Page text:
Harry and Meghan may not be able to live rent-free once they step down

Harry and Meghan may not only lose a lot of money once they step down, but their expenses may also go up. As "senior" members of the royal family, Harry and Meghan live without cost at Frogmore Cottage in Windsor. Prior to moving in, the home underwent significant (read: expensive) renovations. The refurbishment was funded by the Sovereign Grant, SussexRoyal.com explains.

So, what happens now? According to Harry and Meghan, the cottage remains the queen's property. However, Harry and Meghan plan to stay. "The Duke and Duchess of Sussex will continue to use Frogmore Cottage — with the permission of Her Majesty The Queen — as their official residence...," their site details.

This may be their desire, but it's not up to them. Royal Household sources revealed to The Telegraph that Queen Elizabeth may rescind her permission or may begin charging Harry and Meghan rent. It wouldn't be the first time the queen has demanded rent be paid. As non-working royals, Princesses Beatrice and Eugenie were expected to pay for their apartment at St James's Palace.

Harry and Meghan can't carry out as many official duties once they step down

The royal family has experienced abdications, retirements, and the relinquishing of royal duties, but Harry and Meghan's decision to step down as senior members — all the while "fully [supporting] Her Majesty The Queen" — is unheard of. "We are in unprecedented waters," royal commentator Richard Fitzwilliams told USA Today. "It is extraordinary. What the hell is going on? What do they want to do?"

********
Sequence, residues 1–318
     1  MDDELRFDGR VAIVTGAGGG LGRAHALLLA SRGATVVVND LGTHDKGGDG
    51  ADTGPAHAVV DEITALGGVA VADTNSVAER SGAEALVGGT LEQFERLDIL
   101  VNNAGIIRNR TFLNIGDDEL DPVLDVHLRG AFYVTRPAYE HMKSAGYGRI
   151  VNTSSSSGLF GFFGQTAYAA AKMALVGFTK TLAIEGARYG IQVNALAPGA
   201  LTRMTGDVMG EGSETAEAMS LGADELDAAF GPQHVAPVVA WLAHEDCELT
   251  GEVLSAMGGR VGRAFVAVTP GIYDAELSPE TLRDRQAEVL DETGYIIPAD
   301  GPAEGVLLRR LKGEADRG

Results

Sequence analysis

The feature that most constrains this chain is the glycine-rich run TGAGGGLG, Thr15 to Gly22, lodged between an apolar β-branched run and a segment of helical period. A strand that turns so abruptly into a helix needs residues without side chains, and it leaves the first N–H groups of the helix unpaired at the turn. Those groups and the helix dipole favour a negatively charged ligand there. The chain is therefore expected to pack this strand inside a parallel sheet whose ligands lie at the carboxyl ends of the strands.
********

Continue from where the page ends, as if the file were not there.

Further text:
"What it seems to me what they're planning to do is give themselves more freedom, more flexibility, outside of what is certainly known as 'the firm' within royal circles," royal commentator Eloise Parker told CNBC. "They're saying, 'OK, we're not quitting, but we want to do our own thing too.'"

We do know that Harry and Meghan plan to split their time between the U.K. and North America. That automatically means they won't be able to perform nearly as many royal engagements. But, if they end up taking on similar roles to non-working royals, they actually won't even be able to carry out any official engagements on the queen's behalf as those are reserved for working members of the royal family.

Harry and Meghan may not engage with the mainstream media much once they step down

All of what Harry and Meghan's new role entails is "really anyone's guess at the moment," royal commentator Eloise Parker told CNBC. "I am not even sure that they've figured out exactly how this new role is going to play out."

However, Harry and Meghan did make clear how they plan to handle their media relations. Unlike the other members of the royal family, SussexRoyal.com states, the couple will "no longer participate in the Royal Rota system." This system, per the royals' site, allows select publications to have "exclusive inside access to the official engagements of members of the Royal Family." According to the Duke and Duchess of Sussex, this "enables these select publications to profit by publishing these images on their websites/front pages."

By the terms set out by Harry and Meghan, they can't — or won't — engage with the Royal Rota any longer. However, royal expert and biographer Sally Bedell Smith told USA Today that "it's a delusion that they can escape the media (in North America)," noting, "There's even less protection in this new hybrid existence."

Harry and Meghan may not be able to keep their royal titles once they step down

Not every royal is given the title of His or Her Royal Highness, or HRH. Upon Harry and Meghan's marriage, though, Queen Elizabeth bestowed her granddaughter-in-law with the title "Her Royal Highness The Duchess of Sussex" and her grandson "His Royal Highness The Duke of Sussex." These aren't just simply titles, though. As The Telegraph explained, the HRH designation comes with certain obligations when it comes to royal duties.

Now that Harry and Meghan wish to step down as senior members of the royal family and, thus, fulfill fewer duties for the royal family, their titles have been called into question — and not just by members of the public. Given the couple's surprise announcement, Palace insiders told The Telegraph that both the Duke and Duchess of Sussex's titles are "up for debate." It wouldn't be farfetched for this royal couple to be stripped of their HRH titles.